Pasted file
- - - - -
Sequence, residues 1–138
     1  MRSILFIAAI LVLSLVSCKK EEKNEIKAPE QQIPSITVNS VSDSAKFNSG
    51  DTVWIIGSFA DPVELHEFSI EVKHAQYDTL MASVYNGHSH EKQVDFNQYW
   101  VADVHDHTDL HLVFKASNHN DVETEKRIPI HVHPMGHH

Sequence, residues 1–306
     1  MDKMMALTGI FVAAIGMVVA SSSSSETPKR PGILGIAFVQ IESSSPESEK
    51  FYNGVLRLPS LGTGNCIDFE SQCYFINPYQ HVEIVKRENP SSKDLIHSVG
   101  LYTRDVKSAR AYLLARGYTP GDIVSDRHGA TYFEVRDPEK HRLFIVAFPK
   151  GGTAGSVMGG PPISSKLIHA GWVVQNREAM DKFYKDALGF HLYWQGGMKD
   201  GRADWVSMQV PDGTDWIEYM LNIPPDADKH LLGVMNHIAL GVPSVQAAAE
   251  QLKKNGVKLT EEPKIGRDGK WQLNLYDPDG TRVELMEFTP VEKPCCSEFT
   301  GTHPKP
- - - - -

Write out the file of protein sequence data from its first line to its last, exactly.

Sequence, residues 1–138
     1  MRSILFIAAI LVLSLVSCKK EEKNEIKAPE QQIPSITVNS VSDSAKFNSG
    51  DTVWIIGSFA DPVELHEFSI EVKHAQYDTL MASVYNGHSH EKQVDFNQYW
   101  VADVHDHTDL HLVFKASNHN DVETEKRIPI HVHPMGHH

Sequence, residues 1–306
     1  MDKMMALTGI FVAAIGMVVA SSSSSETPKR PGILGIAFVQ IESSSPESEK
    51  FYNGVLRLPS LGTGNCIDFE SQCYFINPYQ HVEIVKRENP SSKDLIHSVG
   101  LYTRDVKSAR AYLLARGYTP GDIVSDRHGA TYFEVRDPEK HRLFIVAFPK
   151  GGTAGSVMGG PPISSKLIHA GWVVQNREAM DKFYKDALGF HLYWQGGMKD
   201  GRADWVSMQV PDGTDWIEYM LNIPPDADKH LLGVMNHIAL GVPSVQAAAE
   251  QLKKNGVKLT EEPKIGRDGK WQLNLYDPDG TRVELMEFTP VEKPCCSEFT
   301  GTHPKP